curated by Mirjam Westen
28.03.2018 - 28.04.2018
Wild Zone 3
After the premiere of their latest video installation, Wild Zone 3, at Museum Arnhem in the Netherlands, artist duo L.A. Raeven are presenting their project at Structura Gallery.
Liesbeth and Angelique Raeven are twin sisters, born in Heerlen, the Netherlands, in 1971. They have been working together since the end of the 1990s, creating performances, photographs, drawings, sculptures and video installations. The themes they explore are related, on the one hand – to life as identical twins, where the path to individuality is extremely difficult, and on the other hand – to the global conformity of beauty standards, imposed by the fashion industry.
For L.A. Raeven, the battle with the advertising propaganda of big business is personal. Having suffered the physical and psychological distress of an eating disorder in their past, they are now focused on challenging the stereotypes imposed on us by consumer society and the undue influence it exudes on our self-evaluation. The tragic stories of people, who by way of emulating their fashion idols have found themselves on the brink of life and death, losing not just their physical characteristics but also warping their minds beyond recognition. This is the starting point for many of L.A. Raeven’s works.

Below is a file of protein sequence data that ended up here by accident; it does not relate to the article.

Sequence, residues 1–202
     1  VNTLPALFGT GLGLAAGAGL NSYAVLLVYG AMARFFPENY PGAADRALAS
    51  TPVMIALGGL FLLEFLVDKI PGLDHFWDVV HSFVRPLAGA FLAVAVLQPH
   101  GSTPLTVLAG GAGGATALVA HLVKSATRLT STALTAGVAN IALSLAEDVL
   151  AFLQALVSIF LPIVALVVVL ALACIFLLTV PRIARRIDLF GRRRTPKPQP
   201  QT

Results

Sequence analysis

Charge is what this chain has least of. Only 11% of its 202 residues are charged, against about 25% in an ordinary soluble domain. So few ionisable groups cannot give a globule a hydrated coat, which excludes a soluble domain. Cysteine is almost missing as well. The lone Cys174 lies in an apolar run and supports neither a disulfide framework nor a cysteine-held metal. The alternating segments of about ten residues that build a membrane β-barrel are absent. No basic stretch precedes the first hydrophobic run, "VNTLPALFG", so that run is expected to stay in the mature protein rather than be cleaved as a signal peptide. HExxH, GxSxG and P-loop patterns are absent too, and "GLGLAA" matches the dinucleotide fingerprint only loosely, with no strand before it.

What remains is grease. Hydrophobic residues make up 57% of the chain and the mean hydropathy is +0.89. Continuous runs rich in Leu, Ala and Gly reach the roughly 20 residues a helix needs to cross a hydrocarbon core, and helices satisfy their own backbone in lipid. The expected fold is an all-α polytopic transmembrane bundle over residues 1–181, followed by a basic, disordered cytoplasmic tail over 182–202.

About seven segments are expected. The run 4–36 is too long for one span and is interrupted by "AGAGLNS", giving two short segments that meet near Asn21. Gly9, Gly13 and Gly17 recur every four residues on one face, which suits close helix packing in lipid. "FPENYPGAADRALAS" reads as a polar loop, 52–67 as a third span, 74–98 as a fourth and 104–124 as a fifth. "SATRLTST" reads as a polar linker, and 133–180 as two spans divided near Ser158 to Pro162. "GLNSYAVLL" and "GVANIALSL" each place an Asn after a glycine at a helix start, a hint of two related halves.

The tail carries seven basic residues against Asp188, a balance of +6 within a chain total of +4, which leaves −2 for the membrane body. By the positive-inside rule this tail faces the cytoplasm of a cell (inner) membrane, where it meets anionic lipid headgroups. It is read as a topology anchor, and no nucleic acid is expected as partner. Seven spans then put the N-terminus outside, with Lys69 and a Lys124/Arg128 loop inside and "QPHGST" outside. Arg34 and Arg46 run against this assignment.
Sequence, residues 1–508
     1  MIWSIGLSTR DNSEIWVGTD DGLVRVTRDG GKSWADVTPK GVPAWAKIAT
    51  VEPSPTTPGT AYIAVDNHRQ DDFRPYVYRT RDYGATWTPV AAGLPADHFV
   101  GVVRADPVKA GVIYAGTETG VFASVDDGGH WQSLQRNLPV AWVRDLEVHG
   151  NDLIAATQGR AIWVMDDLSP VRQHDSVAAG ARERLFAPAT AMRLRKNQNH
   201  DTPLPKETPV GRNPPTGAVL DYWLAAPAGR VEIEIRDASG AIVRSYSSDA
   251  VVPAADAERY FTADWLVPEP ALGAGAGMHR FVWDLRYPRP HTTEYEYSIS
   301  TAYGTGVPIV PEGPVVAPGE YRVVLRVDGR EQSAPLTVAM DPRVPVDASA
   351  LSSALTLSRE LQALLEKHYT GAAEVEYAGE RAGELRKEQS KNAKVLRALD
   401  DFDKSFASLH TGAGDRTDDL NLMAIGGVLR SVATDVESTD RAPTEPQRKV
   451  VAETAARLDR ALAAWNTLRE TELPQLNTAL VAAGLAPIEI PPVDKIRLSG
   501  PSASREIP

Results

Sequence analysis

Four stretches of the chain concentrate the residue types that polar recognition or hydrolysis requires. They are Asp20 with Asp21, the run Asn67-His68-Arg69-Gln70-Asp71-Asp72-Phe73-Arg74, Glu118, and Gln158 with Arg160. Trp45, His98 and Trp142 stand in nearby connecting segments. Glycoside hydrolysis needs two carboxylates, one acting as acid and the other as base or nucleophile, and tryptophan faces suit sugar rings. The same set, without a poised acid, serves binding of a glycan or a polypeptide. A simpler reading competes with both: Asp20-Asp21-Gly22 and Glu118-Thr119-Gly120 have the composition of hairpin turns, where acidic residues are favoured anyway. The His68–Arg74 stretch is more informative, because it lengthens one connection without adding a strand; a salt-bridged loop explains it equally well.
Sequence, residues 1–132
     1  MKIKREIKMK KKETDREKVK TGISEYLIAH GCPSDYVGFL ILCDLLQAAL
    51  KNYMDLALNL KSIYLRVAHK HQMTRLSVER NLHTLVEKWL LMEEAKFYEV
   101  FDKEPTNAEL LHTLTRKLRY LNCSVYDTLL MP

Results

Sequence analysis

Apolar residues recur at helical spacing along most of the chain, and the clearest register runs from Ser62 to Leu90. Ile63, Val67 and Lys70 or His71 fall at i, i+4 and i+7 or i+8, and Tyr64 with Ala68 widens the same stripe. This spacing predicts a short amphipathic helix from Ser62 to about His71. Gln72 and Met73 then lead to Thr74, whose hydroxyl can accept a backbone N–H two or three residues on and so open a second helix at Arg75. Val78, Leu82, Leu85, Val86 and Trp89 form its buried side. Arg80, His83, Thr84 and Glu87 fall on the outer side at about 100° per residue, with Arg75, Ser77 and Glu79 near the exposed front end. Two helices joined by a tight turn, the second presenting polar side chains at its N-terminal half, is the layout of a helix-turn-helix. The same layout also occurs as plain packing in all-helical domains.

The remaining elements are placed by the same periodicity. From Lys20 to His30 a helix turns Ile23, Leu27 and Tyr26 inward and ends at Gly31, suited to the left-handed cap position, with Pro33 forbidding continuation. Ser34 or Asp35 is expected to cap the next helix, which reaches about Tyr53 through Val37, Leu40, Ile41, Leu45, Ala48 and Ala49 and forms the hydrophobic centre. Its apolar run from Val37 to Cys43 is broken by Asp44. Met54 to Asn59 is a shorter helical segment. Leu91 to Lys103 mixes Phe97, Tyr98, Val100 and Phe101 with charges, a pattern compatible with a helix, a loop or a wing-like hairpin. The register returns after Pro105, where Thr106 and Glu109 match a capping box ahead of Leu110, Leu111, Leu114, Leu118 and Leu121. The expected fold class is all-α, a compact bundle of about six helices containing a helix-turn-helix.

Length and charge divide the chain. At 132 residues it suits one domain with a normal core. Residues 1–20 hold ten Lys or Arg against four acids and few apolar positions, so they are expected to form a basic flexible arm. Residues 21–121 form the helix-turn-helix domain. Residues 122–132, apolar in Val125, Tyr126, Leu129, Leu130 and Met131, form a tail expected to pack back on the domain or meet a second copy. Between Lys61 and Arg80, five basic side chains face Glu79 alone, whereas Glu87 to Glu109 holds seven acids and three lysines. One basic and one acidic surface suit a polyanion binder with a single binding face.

The clichés promoted by fashion magazines become canon for millions of young girls around the world. They blindly follow their idols, using all sorts of destructive methods for transformation. Along the path to achieving their ideal self, they often end up losing themselves. This, precisely, is a major theme in the work of the artist: preserving our individuality in a world that bombards us with role models.
In Wild Zone 3, as in the video Goodly Creatures (2017), which is also presented at Structura Gallery, the artist explores yet another problem that is very topical in Bulgarian society – namely, the appearance of a “new” human. As L.A. Raeven themselves say: “Men and women look more and more alike, and the body is increasingly being manipulated to our liking. The malleability of the body seems to know no bounds and is increasingly accepted as normal.” The artist calls into question this tendency and the desire of contemporary parents to mould their children according to desired norms, in order to make them more competitive, using a variety of means to do so. In profound contrast, the appearance of people of indeterminate gender, these so-called androgynous beings, scare the rest of the population precisely because they are different. The obvious changes in the world today require a serious – careful and unbiased – discussion.
This project is realized with the support of Mondriaan Foundation, Museum Arnhem, the Netherlands, and Ellen de Bruijne Projects, Amsterdam.